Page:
Prospective Modernism/modernity Print+ cluster
Edited by Caroline Hovanec and Rachel Murray
We are living through the sixth mass extinction – a period of geological history in which species are dying out at up to 1000 times the normal rate. A 2019 UN report warned that as many as one million plant and animal species are threatened with extinction, and recent studies have reported staggering declines in biodiversity over the past fifty years. The causes are anthropogenic – human activities have led to habitat loss, global warming, introduced species, and other pressures on nonhuman species populations. News headlines abound with terms like ‘biological annihilation’ and ‘apocalypse’. The scale of these crises is difficult to capture in ordinary language, driving theorists to develop a new critical vocabulary which includes terms such as ‘ecocide’, ‘petroculture’, ‘Anthropocene’, ‘Capitalocene’, and ‘Plantationcene’. New academic disciplines – such as ‘Extinction Studies’ and ‘Anthropocene Studies’ – have sprung up in response, urging us to think about how the effects of environmental degradation are experienced, narrated, and resisted across a variety of cultural forms, and asking important questions about our place in, and obligations to, a more-than-human world (Bird Rose, van Dooren, Chrulew, 2017).
We seek papers for a cluster that would examine what it means to read modernism in these troubling times. How do modernist texts help us think about nonhuman species, animal vulnerability, geological scales, and more-than-human ethics? What might be gained from reading modernist texts through the lens of present environmental concerns? Submissions are invited to consider, but are not limited to:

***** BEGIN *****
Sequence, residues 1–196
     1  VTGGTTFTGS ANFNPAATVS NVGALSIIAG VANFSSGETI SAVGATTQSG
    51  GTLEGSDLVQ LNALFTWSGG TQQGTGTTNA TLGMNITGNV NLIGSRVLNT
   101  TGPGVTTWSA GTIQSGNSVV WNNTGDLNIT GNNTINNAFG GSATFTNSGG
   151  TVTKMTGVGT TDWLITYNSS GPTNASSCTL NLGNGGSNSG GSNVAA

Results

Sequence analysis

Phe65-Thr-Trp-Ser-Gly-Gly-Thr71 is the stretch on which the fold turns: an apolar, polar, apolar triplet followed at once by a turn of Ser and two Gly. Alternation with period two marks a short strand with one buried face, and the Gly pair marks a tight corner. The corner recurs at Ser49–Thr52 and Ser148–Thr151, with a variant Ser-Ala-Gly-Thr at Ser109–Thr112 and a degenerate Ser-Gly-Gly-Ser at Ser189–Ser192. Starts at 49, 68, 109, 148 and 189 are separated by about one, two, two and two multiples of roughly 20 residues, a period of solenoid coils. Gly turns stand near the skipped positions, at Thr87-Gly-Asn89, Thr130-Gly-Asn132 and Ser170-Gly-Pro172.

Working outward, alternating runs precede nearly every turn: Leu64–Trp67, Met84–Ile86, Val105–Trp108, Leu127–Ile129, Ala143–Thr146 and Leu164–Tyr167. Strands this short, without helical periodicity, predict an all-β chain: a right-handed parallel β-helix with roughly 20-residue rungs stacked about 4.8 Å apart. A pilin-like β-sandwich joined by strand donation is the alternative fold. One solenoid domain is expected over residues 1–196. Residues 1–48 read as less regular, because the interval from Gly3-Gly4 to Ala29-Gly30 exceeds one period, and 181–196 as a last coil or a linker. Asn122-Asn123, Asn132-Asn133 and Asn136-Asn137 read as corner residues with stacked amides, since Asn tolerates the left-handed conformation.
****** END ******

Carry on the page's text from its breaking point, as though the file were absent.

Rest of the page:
- Human-animal relations; non-human ethics; multispecies encounters
- Invasive species; living things that are seen as unwelcome or out-of-place
- Ideas of abundance and excess (too much life)
- Representations of endangered or extinct species
- Animal remains; specimens; fossils
- The language of extinction; extinction as a linguistic phenomenon
- Representations of invisible or newly visible lives
- Modernist forms and techniques as a means of conceptualising extinction
- The exploitation of animals and habitats; precursors to extinction
- Reading extinction in a local, national, transnational, or global context
- Ideas of scale, perspective, and deep time in relation to extinction
- Narratives of decline, degeneration, or apocalypse
- Narratives of resistance, resilience, or recovery
- Extinction, technology and new media
- Teaching modernism in the sixth extinction; the pedagogy of extinction
Please send a titled, 300-word abstract and a brief biography to email@example.com and firstname.lastname@example.org by January 31, 2020. 6 to 8 contributors will be invited to submit essays of up to 5000 words, after which the entire cluster will be sent out for peer review.
Caroline Hovanec is Assistant Professor of English and Writing at the University of Tampa. She is the author of Animal Subjects: Literature, Zoology, and British Modernism (Cambridge UP, 2018), as well as various essays on animal studies and environmental humanities.
Rachel Murray is a postdoctoral research fellow at Loughborough University. Her book, The Modernist Exoskeleton: Insects, War, Literary Form, is forthcoming with Edinburgh University Press.